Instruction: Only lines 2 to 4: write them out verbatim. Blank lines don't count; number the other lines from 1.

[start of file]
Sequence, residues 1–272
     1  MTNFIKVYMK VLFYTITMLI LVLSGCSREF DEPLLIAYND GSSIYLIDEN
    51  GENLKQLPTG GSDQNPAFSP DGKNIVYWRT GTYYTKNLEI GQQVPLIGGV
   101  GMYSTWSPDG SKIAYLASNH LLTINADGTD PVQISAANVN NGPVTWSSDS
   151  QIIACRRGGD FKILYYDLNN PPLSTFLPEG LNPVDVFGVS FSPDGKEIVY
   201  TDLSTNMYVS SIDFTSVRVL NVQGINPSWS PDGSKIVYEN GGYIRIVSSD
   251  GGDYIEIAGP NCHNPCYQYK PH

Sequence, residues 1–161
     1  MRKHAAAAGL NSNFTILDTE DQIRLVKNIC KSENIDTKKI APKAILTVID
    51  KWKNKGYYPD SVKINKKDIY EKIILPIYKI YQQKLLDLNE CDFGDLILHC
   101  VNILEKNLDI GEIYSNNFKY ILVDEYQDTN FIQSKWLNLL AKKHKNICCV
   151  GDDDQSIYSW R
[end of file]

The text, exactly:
     1  MTNFIKVYMK VLFYTITMLI LVLSGCSREF DEPLLIAYND GSSIYLIDEN
    51  GENLKQLPTG GSDQNPAFSP DGKNIVYWRT GTYYTKNLEI GQQVPLIGGV
   101  GMYSTWSPDG SKIAYLASNH LLTINADGTD PVQISAANVN NGPVTWSSDS